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delcecchi

Toyota Settles...

7 posts in this topic

Toyota in $3.4 Billion Settlement Over Corrosion in Some Trucks and SUVs

Suits claim certain of Japanese auto maker’s vehicles lacked proper rust protection

 

From WSJ  (how do they put a new frame in a pickup?)

By

Sara Randazzo

Updated Nov. 13, 2016 7:25 p.m. ET

 

Toyota Motor Corp. has agreed to pay up to about $3.4 billion to settle claims that certain of its trucks and sport-utility vehicles lacked proper rust protection, leading to premature corrosion of vehicle frames.

The agreement is a substantial financial setback at a time when the Japanese auto giant’s record-breaking profit streak has slowed in recent quarters as a strong yen dents its performance. The company also is part of a broader group of auto makers facing plateauing retail sales in the profitable U.S. market.

The deal, filed in U.S. District Court in Los Angeles this week, settles litigation in two states over problems with Toyota Tacoma trucks from model years 2005 to 2010, Tundras from 2007 to 2008 and Sequoias from 2005 to 2008.

 

Around 1.5 million vehicles in the U.S. are covered by the settlement, court filings show.

The agreement represents a significant settlement for the auto industry and follows several costly agreements auto makers have forged in recent years to address quality, safety or emissions issues in vehicles.

General Motors Co. recalled millions of vehicles in 2014 and spent billions of dollars to address ignition-switch problems linked to 124 deaths; Volkswagen AG forged a $14.7 billion deal more recently to settle with U.S. drivers of diesel-powered cars affected by an emissions-cheating scheme.

Several auto makers, including Toyota, continue to work with Takata Corp. to repair tens of millions of air bags in the largest automotive safety campaign in history.

“We want our customers to have a great ownership experience, so we are pleased to resolve this litigation in a way that benefits them and demonstrates that we stand behind the quality and reliability of our vehicles,” Toyota said.

The settlement was reported earlier by The Detroit News.

Toyota and plaintiffs’ lawyers said the deal, which is still subject to court approval, reflects months of negotiation. As part of the agreement, Toyota doesn’t admit to any wrongdoing.

Once approved, consumers will be entitled to an inspection of their vehicles and ultimately replacement of its frame if the car is found to have the faulty rust protection. Car owners who already have replaced their frames will also be reimbursed.

Court documents peg the cost of inspection to Toyota under the accord at $90 a vehicle and to replace each frame at $15,000.

The deal also sets aside up to $9.9 million for attorneys’ fees and expenses. Toyota said it would pay between $1.75 million and $2.5 million to notify potential affected consumers by mail and through publication notices and internet campaigns.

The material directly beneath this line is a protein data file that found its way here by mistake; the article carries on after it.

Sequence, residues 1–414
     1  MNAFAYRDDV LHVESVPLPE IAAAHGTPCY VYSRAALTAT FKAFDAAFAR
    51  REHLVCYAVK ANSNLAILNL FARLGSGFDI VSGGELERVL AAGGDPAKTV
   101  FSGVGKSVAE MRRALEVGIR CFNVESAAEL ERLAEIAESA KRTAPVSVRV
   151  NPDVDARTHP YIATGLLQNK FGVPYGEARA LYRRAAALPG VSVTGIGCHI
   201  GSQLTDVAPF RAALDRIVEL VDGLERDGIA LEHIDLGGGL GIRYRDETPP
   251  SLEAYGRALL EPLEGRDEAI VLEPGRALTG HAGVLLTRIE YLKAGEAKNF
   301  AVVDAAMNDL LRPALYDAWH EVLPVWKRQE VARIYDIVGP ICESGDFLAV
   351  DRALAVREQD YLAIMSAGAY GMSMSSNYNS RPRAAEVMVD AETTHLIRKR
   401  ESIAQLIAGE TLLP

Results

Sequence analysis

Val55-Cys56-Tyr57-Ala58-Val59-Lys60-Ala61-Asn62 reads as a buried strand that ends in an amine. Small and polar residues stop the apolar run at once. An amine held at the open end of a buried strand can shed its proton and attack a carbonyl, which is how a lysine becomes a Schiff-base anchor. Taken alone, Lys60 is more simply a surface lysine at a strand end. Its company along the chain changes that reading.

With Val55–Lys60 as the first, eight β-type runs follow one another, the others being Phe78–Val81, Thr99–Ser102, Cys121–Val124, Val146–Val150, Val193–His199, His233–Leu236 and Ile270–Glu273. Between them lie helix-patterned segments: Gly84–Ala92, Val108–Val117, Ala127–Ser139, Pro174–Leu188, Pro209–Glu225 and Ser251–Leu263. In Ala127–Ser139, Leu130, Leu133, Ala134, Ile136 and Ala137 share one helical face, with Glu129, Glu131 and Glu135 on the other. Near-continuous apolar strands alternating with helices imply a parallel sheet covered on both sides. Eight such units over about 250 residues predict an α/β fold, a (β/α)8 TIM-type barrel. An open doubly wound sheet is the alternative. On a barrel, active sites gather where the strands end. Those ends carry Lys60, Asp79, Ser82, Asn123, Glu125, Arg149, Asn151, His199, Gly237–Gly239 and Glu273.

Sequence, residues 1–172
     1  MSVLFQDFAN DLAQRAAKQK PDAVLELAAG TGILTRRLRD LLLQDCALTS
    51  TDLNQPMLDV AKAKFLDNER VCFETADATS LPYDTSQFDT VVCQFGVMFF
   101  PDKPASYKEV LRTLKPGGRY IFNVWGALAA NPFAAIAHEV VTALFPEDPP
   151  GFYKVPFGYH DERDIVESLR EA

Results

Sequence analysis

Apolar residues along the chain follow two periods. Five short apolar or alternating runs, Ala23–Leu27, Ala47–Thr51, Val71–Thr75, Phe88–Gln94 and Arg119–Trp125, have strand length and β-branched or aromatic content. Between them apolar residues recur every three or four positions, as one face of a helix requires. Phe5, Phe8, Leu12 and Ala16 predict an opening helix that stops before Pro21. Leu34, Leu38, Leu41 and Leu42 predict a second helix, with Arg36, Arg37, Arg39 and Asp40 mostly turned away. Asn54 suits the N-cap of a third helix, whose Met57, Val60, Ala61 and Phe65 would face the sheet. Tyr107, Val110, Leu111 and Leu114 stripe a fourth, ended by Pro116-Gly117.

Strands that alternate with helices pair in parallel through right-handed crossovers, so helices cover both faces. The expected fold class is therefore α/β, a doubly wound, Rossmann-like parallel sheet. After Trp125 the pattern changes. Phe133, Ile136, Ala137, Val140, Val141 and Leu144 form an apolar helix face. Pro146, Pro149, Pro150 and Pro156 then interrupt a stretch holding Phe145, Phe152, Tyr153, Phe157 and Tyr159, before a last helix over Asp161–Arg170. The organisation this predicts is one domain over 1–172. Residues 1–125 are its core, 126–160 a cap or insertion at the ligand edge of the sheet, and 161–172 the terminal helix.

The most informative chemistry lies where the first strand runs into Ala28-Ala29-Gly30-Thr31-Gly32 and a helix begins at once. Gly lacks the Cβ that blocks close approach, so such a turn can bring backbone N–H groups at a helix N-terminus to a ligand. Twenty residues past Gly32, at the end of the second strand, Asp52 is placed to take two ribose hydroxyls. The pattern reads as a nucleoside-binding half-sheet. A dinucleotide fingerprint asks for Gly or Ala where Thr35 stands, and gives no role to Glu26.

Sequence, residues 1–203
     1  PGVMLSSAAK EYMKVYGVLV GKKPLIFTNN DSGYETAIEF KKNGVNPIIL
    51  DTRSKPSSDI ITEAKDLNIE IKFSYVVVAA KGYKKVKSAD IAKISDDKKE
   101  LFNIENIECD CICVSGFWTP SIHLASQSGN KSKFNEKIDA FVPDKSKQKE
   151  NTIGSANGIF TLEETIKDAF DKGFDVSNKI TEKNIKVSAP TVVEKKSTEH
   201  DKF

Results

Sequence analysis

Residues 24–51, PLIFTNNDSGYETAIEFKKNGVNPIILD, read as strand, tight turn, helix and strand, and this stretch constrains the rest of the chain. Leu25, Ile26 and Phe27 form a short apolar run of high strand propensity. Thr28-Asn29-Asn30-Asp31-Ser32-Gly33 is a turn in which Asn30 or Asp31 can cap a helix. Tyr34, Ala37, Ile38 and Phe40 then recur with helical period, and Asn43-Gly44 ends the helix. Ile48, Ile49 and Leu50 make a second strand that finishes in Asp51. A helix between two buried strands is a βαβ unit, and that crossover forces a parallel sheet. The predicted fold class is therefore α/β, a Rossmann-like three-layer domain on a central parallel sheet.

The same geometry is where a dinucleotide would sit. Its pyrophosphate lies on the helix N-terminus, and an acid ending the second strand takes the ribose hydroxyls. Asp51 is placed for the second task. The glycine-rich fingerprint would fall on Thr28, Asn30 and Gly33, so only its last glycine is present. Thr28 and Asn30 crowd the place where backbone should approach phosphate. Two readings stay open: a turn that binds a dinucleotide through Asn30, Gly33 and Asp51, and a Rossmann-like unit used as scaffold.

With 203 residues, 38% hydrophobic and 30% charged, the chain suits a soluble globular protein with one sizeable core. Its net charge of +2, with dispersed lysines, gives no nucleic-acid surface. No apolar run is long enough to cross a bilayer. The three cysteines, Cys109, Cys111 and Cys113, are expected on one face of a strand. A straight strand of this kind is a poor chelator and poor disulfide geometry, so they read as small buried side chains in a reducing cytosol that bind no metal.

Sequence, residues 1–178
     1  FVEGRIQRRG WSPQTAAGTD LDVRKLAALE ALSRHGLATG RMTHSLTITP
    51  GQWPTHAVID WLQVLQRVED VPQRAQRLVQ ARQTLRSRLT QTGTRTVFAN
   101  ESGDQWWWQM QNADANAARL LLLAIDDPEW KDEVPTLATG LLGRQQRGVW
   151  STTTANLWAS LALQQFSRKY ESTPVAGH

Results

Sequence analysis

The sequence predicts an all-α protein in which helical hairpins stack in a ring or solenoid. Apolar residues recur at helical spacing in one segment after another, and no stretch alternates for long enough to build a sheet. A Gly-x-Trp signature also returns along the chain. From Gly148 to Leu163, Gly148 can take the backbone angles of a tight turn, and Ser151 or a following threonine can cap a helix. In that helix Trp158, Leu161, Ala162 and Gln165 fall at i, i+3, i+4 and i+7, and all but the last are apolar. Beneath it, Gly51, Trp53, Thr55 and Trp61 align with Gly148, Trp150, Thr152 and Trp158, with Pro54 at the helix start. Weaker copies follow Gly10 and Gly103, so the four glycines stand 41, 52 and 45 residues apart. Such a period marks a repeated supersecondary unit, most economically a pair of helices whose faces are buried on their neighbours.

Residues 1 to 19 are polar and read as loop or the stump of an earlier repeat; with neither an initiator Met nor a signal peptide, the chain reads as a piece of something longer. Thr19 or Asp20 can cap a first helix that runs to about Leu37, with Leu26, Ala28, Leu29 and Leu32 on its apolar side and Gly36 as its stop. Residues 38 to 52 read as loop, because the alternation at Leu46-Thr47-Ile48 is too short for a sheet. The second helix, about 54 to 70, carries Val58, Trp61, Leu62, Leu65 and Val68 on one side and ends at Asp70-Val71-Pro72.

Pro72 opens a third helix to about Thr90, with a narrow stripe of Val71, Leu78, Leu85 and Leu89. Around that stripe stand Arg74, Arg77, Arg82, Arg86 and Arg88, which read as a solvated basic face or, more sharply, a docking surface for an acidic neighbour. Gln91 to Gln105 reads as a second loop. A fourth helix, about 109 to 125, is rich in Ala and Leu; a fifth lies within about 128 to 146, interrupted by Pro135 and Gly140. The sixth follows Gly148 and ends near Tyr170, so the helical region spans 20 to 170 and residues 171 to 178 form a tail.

Attorneys for consumers called the settlement “the result of hard-fought litigation” and a “complete and total success” for affected drivers. Toyota said in its own filing that while it “disputes and contests the allegations in these class actions lawsuits,” the deal “represents a reasonable and fair way to end the controversy.”

The litigation dates back to 2014, when consumers filed a lawsuit in Arkansas that was later combined with litigation in California.

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What about **Dot's role involving massive corrosion?

 

How did GM avoid a costly recall over brake lines that struggle to make it more than 10 years?

 

If cars are now dissolving at record speed, how is the environment being affected?

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That has been a know issue for quite some time. Toyota has already been replacing these for quite a while.

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1 hour ago, Jeremy airjer W said:

That has been a know issue for quite some time. Toyota has already been replacing these for quite a while.

 

Could be, but the lawsuit was just settled.  Not even approved yet.   Maybe it was one of those "secret warranty" things, where some folks got the gold mine and others got the shaft.   There is certainly precedent for that in the auto industry. 

Edited by delcecchi

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15 hours ago, Jeremy airjer W said:

That has been a know issue for quite some time. Toyota has already been replacing these for quite a while.

 

I believe the one your thinking of was a voluntary recall done by Toyota to fix similar issues with 1995 to 2000 Tacomas back in 2008. I believe it was extended out a few years to cover some model Tacomas and early Tundra models.

 

This is the first I have heard of it lawsuit with newer year model Tundras. I may have to see what they say about my 2008. 

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5 hours ago, rundrave said:

 

I believe the one your thinking of was a voluntary recall done by Toyota to fix similar issues with 1995 to 2000 Tacomas back in 2008. I believe it was extended out a few years to cover some model Tacomas and early Tundra models.

 

This is the first I have heard of it lawsuit with newer year model Tundras. I may have to see what they say about my 2008. 

Sounds like you will be getting an inspection, anyway.   I hope it goes well. 

 

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Mainly the Sequoias and Tacoma. Your right, it was some sort of extended warranty recall situation.

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